Cutting for Stone (and Somewhat Associated Things Like Marley and Chang and Eng)

cutting for stone cover

If you’ve been around me in the past 2 months (since that’s how long it takes me to read a novel these days, apparently) and the subjects of nuns/medicine/twins/
Ethiopia/India/Rastafarianism/Haile Selaisse happened to come up, chances are I couldn’t help but mention the very, very good book I finished last weekend: Cutting for StoneIt had come to me on recommendation from my parents and an aunt, and I’ll admit I didn’t know what to expect. While they all swore that it was definitely a book worth reading, other adjectives that speckled their reviews included ‘weird,’ ‘odd,’ and ‘dark.’ Not that any of those things are necessarily bad, especially when it comes to literature.

I’m still feeling out how I want to approach the sharing-of-books on my blog. I have no interest in supplying spoilers (where’s the fun in that?!) and I realize I’m in no way a qualified book reviewer, but suppose I could present a brief summary of the basic plot? And, however ridiculously, I’m including a catalog of my favorite quotes from the book at the end of the post. To be honest, this was a pretty gratifying part of the reading experience, for me. I’d make a small dog-ear at the bottom of the page where a memorable quote appeared, then when I finished I went back to all those pages and found the pertinent passages. It was a good way to really refresh and absorb some of the more interesting parts without having to re-read the entire story, though I’d say this is a book that certainly deserves a Second Read.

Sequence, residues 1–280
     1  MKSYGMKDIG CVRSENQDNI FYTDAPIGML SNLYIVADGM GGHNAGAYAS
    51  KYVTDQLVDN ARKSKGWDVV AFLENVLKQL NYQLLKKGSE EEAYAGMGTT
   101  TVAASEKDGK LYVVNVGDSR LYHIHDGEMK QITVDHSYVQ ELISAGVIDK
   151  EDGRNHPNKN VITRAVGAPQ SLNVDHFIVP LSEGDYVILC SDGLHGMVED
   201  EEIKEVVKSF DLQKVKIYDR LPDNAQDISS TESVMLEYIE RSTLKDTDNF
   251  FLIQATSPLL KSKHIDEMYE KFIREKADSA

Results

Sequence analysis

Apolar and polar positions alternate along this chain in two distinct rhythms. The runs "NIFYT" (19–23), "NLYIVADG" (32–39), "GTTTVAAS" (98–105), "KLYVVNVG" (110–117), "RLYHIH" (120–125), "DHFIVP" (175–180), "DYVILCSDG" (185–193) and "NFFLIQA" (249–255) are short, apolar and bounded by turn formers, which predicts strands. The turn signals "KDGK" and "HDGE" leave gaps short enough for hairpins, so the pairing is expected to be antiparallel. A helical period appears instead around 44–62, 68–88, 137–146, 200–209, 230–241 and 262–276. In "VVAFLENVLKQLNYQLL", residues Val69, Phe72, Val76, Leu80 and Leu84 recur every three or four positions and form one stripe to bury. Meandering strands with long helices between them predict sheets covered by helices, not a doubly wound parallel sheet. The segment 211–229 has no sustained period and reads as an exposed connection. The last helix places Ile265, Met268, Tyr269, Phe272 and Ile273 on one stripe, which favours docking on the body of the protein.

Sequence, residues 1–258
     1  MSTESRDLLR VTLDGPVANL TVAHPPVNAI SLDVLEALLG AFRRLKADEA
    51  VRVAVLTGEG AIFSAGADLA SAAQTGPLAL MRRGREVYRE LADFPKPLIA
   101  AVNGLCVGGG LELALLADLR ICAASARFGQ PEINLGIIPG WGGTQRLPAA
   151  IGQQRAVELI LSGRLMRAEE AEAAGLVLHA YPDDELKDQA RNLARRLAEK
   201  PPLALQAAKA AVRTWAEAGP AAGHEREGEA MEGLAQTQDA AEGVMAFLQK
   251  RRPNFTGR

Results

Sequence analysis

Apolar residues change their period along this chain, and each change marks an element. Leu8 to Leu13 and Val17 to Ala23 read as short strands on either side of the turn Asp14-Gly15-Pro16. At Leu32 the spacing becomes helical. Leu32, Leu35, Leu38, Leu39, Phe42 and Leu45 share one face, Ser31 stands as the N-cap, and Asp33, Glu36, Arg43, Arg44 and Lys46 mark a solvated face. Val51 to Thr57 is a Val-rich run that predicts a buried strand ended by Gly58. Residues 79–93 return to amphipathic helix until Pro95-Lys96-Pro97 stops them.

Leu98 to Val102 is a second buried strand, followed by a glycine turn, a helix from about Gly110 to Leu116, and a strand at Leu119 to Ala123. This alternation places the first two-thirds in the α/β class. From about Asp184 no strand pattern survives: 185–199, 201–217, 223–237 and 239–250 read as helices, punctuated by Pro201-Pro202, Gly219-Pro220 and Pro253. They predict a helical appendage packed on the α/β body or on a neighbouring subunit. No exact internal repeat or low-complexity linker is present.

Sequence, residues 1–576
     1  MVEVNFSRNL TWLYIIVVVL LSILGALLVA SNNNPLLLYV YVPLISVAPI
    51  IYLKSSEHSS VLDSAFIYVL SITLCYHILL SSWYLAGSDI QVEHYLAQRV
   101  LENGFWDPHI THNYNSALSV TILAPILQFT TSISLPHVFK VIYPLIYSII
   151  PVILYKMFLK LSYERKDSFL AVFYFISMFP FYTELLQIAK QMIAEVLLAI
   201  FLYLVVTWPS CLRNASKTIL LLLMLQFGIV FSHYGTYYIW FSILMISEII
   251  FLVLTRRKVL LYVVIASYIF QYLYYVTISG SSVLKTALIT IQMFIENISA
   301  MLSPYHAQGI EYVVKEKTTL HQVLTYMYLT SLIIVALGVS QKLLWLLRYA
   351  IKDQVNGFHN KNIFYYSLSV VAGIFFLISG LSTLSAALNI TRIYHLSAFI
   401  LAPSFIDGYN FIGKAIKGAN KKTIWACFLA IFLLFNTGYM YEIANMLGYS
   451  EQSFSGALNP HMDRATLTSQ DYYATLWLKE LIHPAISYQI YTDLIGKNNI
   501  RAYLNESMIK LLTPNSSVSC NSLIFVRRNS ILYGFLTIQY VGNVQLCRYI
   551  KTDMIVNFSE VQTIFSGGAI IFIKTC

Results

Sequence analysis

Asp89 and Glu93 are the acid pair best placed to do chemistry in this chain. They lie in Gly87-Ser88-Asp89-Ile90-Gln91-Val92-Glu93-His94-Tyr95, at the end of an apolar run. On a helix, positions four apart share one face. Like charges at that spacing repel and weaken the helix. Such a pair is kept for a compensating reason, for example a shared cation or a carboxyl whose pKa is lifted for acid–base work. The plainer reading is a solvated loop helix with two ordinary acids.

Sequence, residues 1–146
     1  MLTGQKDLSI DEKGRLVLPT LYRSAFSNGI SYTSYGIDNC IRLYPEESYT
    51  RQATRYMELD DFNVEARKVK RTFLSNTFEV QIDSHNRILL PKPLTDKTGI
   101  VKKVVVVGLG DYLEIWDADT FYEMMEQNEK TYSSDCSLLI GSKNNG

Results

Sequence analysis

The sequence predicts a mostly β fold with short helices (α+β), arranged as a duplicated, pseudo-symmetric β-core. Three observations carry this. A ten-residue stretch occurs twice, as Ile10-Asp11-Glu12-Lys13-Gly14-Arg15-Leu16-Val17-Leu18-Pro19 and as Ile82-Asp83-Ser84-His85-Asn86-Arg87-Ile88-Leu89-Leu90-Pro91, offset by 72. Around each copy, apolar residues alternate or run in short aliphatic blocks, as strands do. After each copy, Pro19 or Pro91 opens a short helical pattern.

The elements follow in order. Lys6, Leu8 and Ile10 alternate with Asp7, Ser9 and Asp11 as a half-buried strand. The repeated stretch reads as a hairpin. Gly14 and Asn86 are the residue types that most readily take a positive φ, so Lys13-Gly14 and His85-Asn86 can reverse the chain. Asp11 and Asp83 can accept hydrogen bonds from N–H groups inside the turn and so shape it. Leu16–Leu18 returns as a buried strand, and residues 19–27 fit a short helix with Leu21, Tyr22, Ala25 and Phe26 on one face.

Dr. Marion Stone narrates our tale, which takes place predominantly at the Mission (or “Missing,” as it’s referred to for the entirety of the book on account of a mispronunciation on the part of the local people) Hospital in Addis Ababa, Ethiopia. The story follows the childhood of Marion and his brother, Shiva– [formerly]-conjoined twins, the almost-instantly-orphaned love children of a young Indian nun (who dies giving birth) and the English surgeon to whom she was a loyal and invaluable assistant (who flees upon delivery). (Their birth and the circumstances leading up to it– most of them, anyway– take up the first quarter of the book.)

Their orphancy is short-lived, as they become the cornerstone of what becomes a family unit between them and Hema and Ghosh: the remaining two surgeons at the hospital, also Indian immigrants. Abraham Verghese paints a vivid and intricate scene of 1960’s Addis Ababa– the blend and clash of the influences of various North African ethnicities, Indians, and Brits (and not without the residual Italian touches); the precarious politics of Emperor Haile Selaisse; the scents of the stews, the grime of the bars, and the warmth and comfort within their little homes. Perhaps even more vivid and intricate are Verghese’s periodical descriptions of a variety of medical procedures; which, though detailed, graphic, and at times grotesque, are fascinating above all. As any good story should, it’s got its fair share of love, heartache, betrayal, and forgiveness as the boys grow into men and demonstrate that they have very different things to offer to the medical world (and each other).

Lolzlolzlolz that ended up turning into a super cheesy review anyway but I’m over thinking about it so, voilà.